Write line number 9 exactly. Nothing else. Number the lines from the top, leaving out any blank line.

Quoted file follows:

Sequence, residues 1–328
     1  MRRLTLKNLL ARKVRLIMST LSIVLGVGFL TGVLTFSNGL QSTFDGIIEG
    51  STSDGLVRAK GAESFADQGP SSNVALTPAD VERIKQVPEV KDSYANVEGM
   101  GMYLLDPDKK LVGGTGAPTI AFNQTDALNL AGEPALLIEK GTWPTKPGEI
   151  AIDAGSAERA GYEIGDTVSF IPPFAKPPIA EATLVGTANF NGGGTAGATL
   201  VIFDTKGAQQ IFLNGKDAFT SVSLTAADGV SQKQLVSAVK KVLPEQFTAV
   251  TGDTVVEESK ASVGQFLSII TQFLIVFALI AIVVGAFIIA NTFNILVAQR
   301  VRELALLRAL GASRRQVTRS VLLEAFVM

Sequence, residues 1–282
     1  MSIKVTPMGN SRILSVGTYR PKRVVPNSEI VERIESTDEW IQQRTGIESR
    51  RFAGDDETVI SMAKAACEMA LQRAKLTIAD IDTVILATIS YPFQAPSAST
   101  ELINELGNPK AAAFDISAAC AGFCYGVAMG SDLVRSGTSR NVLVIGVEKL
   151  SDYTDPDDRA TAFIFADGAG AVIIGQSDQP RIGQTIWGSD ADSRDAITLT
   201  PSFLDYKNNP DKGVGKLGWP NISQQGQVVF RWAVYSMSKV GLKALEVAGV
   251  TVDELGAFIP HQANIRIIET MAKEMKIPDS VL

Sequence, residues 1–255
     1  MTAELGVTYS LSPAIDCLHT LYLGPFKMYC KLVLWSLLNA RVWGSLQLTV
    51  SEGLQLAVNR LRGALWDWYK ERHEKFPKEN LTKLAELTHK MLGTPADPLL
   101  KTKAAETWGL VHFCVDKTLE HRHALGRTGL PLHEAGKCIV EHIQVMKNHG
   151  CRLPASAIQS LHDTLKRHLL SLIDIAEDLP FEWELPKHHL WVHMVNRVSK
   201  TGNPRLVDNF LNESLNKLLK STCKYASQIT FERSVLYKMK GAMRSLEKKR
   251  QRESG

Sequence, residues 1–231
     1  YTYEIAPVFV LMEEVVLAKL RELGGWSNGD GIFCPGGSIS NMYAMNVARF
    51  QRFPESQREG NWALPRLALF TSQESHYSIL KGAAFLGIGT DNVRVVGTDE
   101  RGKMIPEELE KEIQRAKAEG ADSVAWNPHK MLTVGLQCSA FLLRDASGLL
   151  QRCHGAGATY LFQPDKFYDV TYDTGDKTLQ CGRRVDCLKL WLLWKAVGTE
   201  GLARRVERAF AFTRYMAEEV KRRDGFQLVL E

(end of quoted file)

Sequence, residues 1–282